Terms and conditions
Knowles-Nelson Stewardship Program
Before applying for a Stewardship grant, it is important to know what obligations come attached to Stewardship dollars. The requirements tied to Stewardship grants are spelled out in grant agreements or grant contracts and the administrative rules for each grant subprogram.
To help applicants decide if a Stewardship grant may be applicable to a particular project, some of the strings attached to Stewardship grants are summarized below. For subprogram-specific information, please contact Stewardship grant staff.
- Terms and conditions of Stewardship grants
- Grant recipients have perpetual obligations. Grant sponsors and all subsequent owners have the obligation to keep the land purchased or site developed compliant with program rules in perpetuity. Unless DNR approves a transfer of title, grant recipients must maintain legal control and oversight of the property.
- Public access is required of Stewardship funded projects. Any land purchased in fee with Stewardship dollars must be open to the public. Development projects must be on publicly accessible lands. If Stewardship funds will acquire landlocked property, applicants will need to obtain an easement for access purposes over adjoining property.
- Lands purchased with Stewardship funds must be open to the public for nature-based outdoor activities (NBOA): hunting, fishing, trapping, hiking and cross-country skiing. DNR may allow a prohibition of one or more of the NBOA only if the Natural Resource Board determines that the prohibition is necessary.
- Stewardship laws specify signage requirements. Per section 23.09165, Wis. Stats., most lands purchased with Stewardship funds must be posted with signs that give notice to the public:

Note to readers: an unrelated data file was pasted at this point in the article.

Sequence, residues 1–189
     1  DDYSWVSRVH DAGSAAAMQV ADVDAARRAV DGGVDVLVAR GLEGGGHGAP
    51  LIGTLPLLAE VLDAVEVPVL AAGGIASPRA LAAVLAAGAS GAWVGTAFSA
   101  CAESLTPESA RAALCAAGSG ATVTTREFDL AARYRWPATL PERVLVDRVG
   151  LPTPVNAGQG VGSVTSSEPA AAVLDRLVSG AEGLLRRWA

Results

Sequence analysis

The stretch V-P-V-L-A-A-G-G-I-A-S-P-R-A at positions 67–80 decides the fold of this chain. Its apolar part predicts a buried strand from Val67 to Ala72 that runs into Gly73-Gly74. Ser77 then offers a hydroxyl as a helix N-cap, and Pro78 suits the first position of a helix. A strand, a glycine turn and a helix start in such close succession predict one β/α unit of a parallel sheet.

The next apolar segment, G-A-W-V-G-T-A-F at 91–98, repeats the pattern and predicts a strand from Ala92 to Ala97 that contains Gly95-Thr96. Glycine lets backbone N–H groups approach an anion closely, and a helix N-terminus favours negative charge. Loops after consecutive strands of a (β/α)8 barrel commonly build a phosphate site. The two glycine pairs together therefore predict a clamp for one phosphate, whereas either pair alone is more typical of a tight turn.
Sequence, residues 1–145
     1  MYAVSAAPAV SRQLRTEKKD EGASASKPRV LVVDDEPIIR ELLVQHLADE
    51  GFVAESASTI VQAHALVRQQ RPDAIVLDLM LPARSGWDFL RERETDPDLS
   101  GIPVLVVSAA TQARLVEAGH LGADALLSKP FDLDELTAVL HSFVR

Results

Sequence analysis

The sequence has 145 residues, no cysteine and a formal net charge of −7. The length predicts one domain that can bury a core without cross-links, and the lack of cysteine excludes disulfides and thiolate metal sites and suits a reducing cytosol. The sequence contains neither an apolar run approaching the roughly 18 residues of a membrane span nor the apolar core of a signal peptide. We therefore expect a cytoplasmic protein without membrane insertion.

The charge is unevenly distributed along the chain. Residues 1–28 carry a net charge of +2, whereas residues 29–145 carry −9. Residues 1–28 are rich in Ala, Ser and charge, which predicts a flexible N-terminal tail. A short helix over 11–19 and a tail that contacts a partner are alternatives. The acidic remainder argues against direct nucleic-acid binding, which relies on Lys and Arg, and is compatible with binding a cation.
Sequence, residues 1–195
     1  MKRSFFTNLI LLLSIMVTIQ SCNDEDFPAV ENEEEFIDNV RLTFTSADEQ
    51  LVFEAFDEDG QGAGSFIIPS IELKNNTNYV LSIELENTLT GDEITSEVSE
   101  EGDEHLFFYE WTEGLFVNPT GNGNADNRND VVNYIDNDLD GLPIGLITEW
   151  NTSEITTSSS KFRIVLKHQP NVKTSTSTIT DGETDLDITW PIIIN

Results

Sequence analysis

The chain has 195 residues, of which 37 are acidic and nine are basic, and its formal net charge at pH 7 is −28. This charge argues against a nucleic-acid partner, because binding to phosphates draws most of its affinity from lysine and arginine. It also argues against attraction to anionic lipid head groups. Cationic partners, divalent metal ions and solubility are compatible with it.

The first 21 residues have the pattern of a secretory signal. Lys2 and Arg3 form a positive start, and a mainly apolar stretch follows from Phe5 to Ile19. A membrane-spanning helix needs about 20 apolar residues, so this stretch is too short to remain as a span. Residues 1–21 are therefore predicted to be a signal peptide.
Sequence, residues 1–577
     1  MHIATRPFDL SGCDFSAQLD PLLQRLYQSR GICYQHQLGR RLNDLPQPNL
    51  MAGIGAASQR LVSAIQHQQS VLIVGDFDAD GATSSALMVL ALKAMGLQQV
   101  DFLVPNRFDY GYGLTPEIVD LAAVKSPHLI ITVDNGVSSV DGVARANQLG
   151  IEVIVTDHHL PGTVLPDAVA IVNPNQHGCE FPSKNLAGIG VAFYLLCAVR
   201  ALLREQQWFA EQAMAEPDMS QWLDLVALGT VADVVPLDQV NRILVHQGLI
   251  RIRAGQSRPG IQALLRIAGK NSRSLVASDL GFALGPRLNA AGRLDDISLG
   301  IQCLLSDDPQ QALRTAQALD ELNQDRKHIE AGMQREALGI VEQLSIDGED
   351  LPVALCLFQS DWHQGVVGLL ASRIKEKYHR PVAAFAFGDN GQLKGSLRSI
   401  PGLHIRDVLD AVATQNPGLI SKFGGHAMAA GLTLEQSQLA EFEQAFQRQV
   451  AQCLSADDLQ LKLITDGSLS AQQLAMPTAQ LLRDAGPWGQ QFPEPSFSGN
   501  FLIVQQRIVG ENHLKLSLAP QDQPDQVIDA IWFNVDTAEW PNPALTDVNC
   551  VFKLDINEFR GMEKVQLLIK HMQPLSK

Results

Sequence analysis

- that the land was acquired with Stewardship funds; and
- which primary activities are allowed or prohibited on the property. See signage information for more detail.
- Grantees must comply with all applicable local, state and federal laws, regulations, administrative rules that will affect the Stewardship property, including but not limited to, general and special zoning, land use permit requirements, accessibility for persons with disabilities, environmental quality and historical and archaeological preservation.
- DNR’s interest in the property must be recorded. Most Stewardship grant contracts are recorded, and for many grant subprograms, DNR’s interest must also be reflected in the deed to Stewardship-funded property.
- Stewardship law governs user fees. Grantees may charge reasonable user fees to offset operation and property maintenance costs. Daily user fees shall not exceed the current cost of a daily pass at a Wisconsin State Park.
- Income accrued from Stewardship land must be used to further the objectives of the project as stated in the grant agreement or contract or used to further the objectives of another Stewardship project.
- Any lease, sale or conveyance of any interest in Stewardship land must be approved by DNR. Stewardship lands may not be converted to uses other than or incompatible with the purposes of the grant. DNR must approve conveyance of any interest in Stewardship land, including utility easements or leases, lands conveyed for road projects, agricultural leases, etc. DNR may require replacement land in some circumstances.
- Stewardship lands maybe not be conveyed to another party without DNR approval. Any transfer of Stewardship land to a party other than the grantee must be approved by DNR, and the new owner must agree to the terms of the grant contract or agreement.
- Stewardship land may not be used as security for any debt unless DNR previously approves this arrangement. If necessary, DNR could take action to prevent the placement of liens, judgments or encumbrances on property purchased with Stewardship funds.